As jazz continues to hold a precarious place on the American music scene, I wanted to write something to show my appreciation not just to those men I sat in with, but to others like them who keep the flame in the hot tunnels, smoky clubs, concert halls, and  libraries and museums around the country and around the world. Now, without further ado….

The sun was sinking into the river against the city skyline. Leon sat in a patch of it as it came through the window, his shirt and tie barred, like Cyrano’s body, with the shadow of crossbeams that separated the window panes.

The doctor came out, and Leon stood up.
The doctor’s face said everything.
“I’m sorry, Leon. The tests are conclusive. I don’t know what to say that would make it easier.”
“Ain’t nothing left to say.”
“Is there anyone you’d like us to contact?”
“Got someone, but I’ll take care of it.”
“All right then. And Leon…” The doctor offered his hand.
Leon took the doctor’s hand in both of his.
“You done what you could, doc. thank you.”

******************
He walked out into the evening, the street alive with people and lights, cars and movement, the last of the sun ray’s deepening the shadows to a dusky blue.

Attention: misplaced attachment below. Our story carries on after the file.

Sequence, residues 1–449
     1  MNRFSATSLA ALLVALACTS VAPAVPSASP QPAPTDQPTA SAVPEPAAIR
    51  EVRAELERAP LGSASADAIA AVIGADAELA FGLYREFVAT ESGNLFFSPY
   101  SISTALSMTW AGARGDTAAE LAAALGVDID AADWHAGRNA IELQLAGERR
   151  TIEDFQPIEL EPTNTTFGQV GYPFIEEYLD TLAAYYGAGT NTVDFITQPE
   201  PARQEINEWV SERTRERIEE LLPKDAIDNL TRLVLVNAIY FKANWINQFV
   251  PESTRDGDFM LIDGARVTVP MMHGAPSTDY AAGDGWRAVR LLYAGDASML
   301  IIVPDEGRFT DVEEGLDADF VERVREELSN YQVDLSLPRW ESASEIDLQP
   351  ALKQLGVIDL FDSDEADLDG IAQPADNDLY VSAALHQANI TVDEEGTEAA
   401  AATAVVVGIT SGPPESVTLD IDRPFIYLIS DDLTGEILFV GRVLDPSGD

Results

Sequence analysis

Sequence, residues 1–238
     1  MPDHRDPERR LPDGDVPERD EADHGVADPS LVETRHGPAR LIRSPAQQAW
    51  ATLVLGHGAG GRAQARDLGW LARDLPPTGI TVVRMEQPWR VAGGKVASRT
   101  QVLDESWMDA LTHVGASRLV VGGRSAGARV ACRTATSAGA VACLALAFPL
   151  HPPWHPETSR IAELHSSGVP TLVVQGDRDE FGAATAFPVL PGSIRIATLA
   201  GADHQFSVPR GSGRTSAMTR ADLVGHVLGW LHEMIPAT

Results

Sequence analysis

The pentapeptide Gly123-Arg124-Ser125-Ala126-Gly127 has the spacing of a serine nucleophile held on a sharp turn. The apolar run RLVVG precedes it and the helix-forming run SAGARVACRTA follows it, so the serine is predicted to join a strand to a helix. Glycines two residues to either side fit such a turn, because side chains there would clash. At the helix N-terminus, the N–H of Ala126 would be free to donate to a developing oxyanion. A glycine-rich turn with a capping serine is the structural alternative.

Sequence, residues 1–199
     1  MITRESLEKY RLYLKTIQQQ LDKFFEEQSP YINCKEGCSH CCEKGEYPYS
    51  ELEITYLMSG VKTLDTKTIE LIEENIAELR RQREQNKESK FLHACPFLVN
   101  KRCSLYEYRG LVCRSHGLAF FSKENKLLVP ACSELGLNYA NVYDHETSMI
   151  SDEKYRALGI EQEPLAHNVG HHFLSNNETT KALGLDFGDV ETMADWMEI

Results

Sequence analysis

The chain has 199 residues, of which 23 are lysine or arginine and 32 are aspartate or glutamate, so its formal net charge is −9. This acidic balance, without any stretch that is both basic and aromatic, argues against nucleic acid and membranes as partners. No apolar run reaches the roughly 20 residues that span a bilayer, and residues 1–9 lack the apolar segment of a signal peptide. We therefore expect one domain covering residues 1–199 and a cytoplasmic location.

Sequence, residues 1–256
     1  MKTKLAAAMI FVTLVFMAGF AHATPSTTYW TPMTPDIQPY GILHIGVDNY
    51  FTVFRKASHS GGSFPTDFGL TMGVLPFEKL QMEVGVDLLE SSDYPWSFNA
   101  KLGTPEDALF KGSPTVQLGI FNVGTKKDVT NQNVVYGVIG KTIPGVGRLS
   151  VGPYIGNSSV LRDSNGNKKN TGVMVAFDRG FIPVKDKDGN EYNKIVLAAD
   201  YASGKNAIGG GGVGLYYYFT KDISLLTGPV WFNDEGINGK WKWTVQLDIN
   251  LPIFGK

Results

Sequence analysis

The subway rumbled beneath him, and he headed toward the nearest station, then stopped.
Be underground soon enough. No need to rush.

He chuckled at his own weak joke, and took the long walk home.

*****************
His daughter was all he had left for family, and he wrote her now:

“Everything you need to know is in that old cookie tin you gave me for Christmas all that time ago. Everything’s in there, along with a note for my last wishes. I got some time yet, but I don’t, so you don’t have to come tomorrow, but don’t come too late. I don’t want to go in no potter’s field, though He’ll find me if I do.
“Just try not to let it happen, that’s all.”

*********************
His battered saxophone case was under the rickety bed, with the tarnished, well worn saxophone inside. He pulled it out, and sat on the edge of the bed, and looked at it, going back in his mind to the smoky nights, spent playing til the sun came up, so dapper he glittered in the spotlight, and later the feel of a full, warm woman on his lap, in his arms, in his bed, til time passed and the people moved on, and the clubs closed, and his career stalled, and stopped where it had started, and never moved again.

********************
Bars replaced clubs, drink replaced music, and even the most stubborn woman he’d ever met who tried to stay with him no matter what, threw in the towel before her own youth was wasted with a man who couldn’t move on, whose identity was too closely tied to what he did, and not who he was.

********************
Back into the evening streets, his case bumping along his spindly left leg, his suit fitting badly, but clean, and his face washed, he paid his fare, went down to the subway platform, but he didn’t open his case for change this time.

***********************
In his mind’s eye he saw her, regal in her red dress, her red lips matching, all of her full and shiny in the dim light. Her mahogany eyes gazed into his as she leaned forward to light his cigarette, and as he took her hand in both of his, she leaned forward and whispered in his ear.